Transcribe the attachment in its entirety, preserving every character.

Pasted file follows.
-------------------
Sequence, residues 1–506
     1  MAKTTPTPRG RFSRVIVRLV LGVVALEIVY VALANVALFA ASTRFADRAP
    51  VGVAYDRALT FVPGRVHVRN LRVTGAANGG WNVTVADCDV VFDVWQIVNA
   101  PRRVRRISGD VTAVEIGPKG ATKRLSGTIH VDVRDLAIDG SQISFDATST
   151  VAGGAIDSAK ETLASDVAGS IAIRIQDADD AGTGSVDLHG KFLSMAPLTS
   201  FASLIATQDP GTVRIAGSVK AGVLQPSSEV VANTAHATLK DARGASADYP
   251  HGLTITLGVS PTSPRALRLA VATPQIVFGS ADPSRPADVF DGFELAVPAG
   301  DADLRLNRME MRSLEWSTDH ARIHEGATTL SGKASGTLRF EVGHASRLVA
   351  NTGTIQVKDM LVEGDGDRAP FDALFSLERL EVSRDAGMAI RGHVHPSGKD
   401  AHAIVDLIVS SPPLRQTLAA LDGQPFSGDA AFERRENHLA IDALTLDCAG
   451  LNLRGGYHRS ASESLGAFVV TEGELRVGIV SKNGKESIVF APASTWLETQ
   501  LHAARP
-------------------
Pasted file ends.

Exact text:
Sequence, residues 1–506
     1  MAKTTPTPRG RFSRVIVRLV LGVVALEIVY VALANVALFA ASTRFADRAP
    51  VGVAYDRALT FVPGRVHVRN LRVTGAANGG WNVTVADCDV VFDVWQIVNA
   101  PRRVRRISGD VTAVEIGPKG ATKRLSGTIH VDVRDLAIDG SQISFDATST
   151  VAGGAIDSAK ETLASDVAGS IAIRIQDADD AGTGSVDLHG KFLSMAPLTS
   201  FASLIATQDP GTVRIAGSVK AGVLQPSSEV VANTAHATLK DARGASADYP
   251  HGLTITLGVS PTSPRALRLA VATPQIVFGS ADPSRPADVF DGFELAVPAG
   301  DADLRLNRME MRSLEWSTDH ARIHEGATTL SGKASGTLRF EVGHASRLVA
   351  NTGTIQVKDM LVEGDGDRAP FDALFSLERL EVSRDAGMAI RGHVHPSGKD
   401  AHAIVDLIVS SPPLRQTLAA LDGQPFSGDA AFERRENHLA IDALTLDCAG
   451  LNLRGGYHRS ASESLGAFVV TEGELRVGIV SKNGKESIVF APASTWLETQ
   501  LHAARP